In the world of bodyweight strength training, the one arm chinup is the end-game for raw (unweighted) pulling power.
To be blunt – the one arm chinup is not easy, nor a common achievement.
The beauty of this movement lies in the hard work leading up to its completion. Once attained, the satisfaction of being able to pull yourself up with a single arm (on command) is immense.
If you’re starting out with your training, we would recommend that you work towards building up your pulling strength before you begin training for a one arm chinup.
Related: The 35 Best Pullup Exercises
But, if you feel you’ve put in enough work to begin your “single arm” journey, this tutorial will be beneficial for you.
Learning your first one arm chinup
From existing tutorials we’ve seen online, the notion of objectivity is often brushed aside. It’s common to read or watch one arm chinup guides, attempt the prescribed workouts, and hit a wall after some time.
“I’ve followed these exercises! Why am I not making progress?”
The answer to this question, like many other fitness-related questions, is “it depends”.
However, we’re going to first address one reason why you might be stalling on your lofty pulling goals.
You’re approaching one arm chinup training subjectively
Introducing subjectivity into your training is like venturing down an isolated street with a dead end. Your improvement, at some point, will cease to continue, leading to further frustration with yourself.
This is no different with your one arm chinup training progressions.
Without a specific number to work towards, you’re training your one arm chinup based on how you feel. This is evident with typical assistance exercises, such as “archer chinups”, or “whole hand” assisted chinups.
Ask yourself the following:
When tracking your workouts over time, how will you know how you “felt” two or three weeks ago? How will you know if you’ve improved since then? Do you remember how much assistance you gave yourself?
It will be difficult, and you will struggle to remember!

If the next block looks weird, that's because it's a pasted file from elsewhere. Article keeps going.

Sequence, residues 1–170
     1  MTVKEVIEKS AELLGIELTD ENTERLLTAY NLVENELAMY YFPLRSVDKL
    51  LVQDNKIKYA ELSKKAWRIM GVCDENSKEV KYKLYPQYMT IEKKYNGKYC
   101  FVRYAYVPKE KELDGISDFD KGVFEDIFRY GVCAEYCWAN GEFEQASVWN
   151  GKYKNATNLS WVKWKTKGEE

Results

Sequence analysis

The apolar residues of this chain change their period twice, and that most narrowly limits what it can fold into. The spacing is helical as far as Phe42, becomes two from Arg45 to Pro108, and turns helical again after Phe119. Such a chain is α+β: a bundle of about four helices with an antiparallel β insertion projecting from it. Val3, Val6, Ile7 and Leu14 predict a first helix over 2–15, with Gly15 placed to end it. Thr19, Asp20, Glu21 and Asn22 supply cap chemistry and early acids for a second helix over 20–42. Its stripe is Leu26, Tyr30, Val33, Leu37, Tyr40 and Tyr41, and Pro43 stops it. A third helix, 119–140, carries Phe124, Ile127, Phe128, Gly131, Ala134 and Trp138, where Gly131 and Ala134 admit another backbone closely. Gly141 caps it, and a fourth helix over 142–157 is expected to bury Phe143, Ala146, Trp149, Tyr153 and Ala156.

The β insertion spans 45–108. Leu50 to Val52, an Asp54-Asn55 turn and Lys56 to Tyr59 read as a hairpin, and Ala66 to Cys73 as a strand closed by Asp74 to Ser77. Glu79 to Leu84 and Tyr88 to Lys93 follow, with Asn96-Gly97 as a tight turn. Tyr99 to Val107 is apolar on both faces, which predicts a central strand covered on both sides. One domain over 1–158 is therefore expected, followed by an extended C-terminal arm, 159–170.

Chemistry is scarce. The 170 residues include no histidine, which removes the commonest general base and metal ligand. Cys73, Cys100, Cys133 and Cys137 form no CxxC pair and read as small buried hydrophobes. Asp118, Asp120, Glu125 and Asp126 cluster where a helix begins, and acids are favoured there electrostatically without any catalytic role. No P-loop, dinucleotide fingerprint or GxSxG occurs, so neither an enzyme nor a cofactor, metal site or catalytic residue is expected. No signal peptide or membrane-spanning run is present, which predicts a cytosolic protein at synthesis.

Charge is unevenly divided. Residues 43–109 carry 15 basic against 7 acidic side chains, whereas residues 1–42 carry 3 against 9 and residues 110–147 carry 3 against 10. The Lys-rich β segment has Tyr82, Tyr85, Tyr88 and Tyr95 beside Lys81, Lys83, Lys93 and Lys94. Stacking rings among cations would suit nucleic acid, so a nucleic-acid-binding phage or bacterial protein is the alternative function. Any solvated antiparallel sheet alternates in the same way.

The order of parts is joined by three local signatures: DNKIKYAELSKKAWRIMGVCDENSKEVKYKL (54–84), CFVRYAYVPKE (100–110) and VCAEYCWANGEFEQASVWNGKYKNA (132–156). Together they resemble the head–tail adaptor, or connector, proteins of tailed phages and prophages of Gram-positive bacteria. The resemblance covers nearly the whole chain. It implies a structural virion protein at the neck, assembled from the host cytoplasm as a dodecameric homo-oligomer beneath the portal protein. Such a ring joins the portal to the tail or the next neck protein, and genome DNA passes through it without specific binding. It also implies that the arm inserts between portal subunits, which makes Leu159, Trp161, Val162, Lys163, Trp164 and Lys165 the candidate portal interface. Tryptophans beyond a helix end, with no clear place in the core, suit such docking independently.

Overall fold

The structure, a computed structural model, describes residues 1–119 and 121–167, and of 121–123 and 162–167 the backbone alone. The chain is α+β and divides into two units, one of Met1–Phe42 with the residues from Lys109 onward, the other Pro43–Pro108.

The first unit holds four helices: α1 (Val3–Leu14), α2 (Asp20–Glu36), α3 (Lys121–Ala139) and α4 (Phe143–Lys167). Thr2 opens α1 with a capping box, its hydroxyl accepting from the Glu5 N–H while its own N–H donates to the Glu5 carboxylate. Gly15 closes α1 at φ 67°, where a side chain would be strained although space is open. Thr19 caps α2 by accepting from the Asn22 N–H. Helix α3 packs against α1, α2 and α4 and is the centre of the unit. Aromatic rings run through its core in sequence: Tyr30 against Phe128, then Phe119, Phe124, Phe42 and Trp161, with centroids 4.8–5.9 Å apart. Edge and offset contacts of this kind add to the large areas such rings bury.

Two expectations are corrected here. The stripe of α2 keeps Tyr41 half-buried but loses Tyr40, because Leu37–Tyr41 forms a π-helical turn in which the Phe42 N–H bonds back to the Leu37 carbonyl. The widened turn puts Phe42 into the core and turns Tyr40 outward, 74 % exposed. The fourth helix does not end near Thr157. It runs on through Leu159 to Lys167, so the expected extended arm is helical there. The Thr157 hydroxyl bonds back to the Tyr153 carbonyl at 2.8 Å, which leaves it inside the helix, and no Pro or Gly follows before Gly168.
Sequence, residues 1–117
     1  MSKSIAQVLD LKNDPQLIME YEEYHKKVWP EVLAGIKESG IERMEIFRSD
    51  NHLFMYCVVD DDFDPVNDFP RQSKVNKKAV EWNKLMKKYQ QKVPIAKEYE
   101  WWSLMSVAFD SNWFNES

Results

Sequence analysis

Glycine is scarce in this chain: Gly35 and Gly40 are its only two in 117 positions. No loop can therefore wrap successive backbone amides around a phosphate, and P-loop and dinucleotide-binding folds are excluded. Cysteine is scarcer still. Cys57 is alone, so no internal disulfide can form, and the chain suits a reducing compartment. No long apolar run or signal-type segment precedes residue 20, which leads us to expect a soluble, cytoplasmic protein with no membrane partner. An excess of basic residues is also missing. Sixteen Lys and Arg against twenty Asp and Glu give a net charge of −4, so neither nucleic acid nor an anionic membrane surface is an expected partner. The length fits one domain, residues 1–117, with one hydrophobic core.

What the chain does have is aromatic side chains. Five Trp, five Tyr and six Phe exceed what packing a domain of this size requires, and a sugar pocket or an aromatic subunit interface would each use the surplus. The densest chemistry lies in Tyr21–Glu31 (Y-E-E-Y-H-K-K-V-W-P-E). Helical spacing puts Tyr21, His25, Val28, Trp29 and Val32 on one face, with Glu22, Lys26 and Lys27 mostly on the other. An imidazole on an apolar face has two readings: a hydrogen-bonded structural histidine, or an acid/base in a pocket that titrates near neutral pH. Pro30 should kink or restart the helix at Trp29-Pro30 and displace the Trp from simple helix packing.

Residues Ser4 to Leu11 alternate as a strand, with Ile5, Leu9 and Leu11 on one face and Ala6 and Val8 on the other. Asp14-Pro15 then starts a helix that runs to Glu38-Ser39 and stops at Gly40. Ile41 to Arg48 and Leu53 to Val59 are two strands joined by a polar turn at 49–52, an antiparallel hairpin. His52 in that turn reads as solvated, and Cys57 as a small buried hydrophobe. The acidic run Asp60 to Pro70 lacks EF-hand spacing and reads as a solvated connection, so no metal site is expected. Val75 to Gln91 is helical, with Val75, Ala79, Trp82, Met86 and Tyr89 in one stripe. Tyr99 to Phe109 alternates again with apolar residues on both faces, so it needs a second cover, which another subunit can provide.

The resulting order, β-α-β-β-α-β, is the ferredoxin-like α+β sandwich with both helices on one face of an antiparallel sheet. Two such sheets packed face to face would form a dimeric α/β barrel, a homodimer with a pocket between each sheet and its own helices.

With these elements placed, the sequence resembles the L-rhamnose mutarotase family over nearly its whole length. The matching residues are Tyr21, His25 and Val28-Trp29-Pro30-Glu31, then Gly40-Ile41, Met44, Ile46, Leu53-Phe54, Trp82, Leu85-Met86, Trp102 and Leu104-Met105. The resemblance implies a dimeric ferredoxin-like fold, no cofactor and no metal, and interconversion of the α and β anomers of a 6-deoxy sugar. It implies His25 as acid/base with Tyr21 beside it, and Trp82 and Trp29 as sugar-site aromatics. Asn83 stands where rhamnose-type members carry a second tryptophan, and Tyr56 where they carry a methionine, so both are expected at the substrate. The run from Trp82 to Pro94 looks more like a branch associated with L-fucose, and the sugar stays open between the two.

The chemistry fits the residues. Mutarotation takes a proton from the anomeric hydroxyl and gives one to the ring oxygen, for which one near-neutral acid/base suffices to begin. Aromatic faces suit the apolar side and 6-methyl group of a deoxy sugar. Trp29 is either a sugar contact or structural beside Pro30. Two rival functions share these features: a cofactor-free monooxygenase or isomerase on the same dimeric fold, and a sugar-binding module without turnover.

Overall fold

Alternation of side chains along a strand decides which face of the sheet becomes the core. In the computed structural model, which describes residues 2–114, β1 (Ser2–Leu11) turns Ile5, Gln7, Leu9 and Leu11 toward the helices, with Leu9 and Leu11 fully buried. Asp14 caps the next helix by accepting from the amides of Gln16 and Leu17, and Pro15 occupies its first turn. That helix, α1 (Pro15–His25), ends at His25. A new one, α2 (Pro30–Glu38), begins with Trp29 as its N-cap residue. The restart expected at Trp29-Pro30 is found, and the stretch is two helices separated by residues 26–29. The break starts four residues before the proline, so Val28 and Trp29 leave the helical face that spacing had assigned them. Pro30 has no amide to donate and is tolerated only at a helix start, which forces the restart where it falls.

Introducing objectivity into your one arm chinup training
We solve the subjectivity problem by using a pulley system, involving either a ring strap, band, or weight belt with added weight. This approach is beneficial because it provides visual, tactile feedback with the amount of assistance provided by your other arm. For the examples below, we’ll use the added weight approach.
Before we describe the specifics of the pulley, familiarize yourself with the below progression example for your one arm chinup training:
Take note of how the weights decrease after each week, and how the sets/reps scheme changes.
This approach is objective. It’s black and white. Based on adherence to these numbers after each week, you’re either getting closer to your one arm chinup, or you’re not.
Make sure you remain honest with yourself. Don’t expect to get stronger by working with the same numbers week after week… keep challenging yourself.
Setting up your weighted pulley system
The most important part of setting up your weighted pulley is choosing a weight that’s right for you. When it comes to added weight, the following rules apply:
More weight on the pulley provides more assistance, and makes the exercise easier.
Less weight on the pulley provides less assistance, and makes the exercise harder.
This will allow you to alter the amount of weight/assistance used from week to week, gradually reducing it as you become more proficient.
Start by adding the “sample” amount (15kg) to your pulley, and using it as assistance for your one arm chinup.
If the weight doesn’t move, it’s OK. If the weight moves up as you pull up, it’s too light.
Here’s an example of a pulley that’s too light (weight coming up too high when pulling up):
Here’s an example of a pulley that’s just right (weight remaining in place when pulling up):
The end game – what’s possible
Put simply, the weight you use is dependent on how strong you are. If you need a lot of assistance from your other arm, more weight is ideal. If you’ve built up strength over time with your single arm pulling, you’ll need less assistance from your other arm. In this case, less weight should be used.
Your final goal will involve using the least possible resistance (added weight) for the most amount of repetitions. Based on our experience, performing 5-6 repetitions with a very low amount of assistance is actually more difficult than the one arm chinup itself.
After the first 7 week period, make sure to test your pulling strength without any assistance. You may fare better than you think!
Remember, it’s OK if you haven’t been able to perform your first clean repetition after the first 7 weeks. It’s a skill that takes time, and like with everything strength-related, abilities will vary. But, what’s most important is that you’re better now than you were when you started. If that’s true, then you’re progressing well, and you should be pleased with your results.
If you would like to see what’s possible, watch Daniel achieve 50 one arm pullups in under 17 minutes.
Good luck achieving one of the most coveted skills of bodyweight strength training! If you’ve recently achieved your first one arm chinup, we’d like to hear from you in the comments below.
For more information, watch Daniel’s original video from December 2014.
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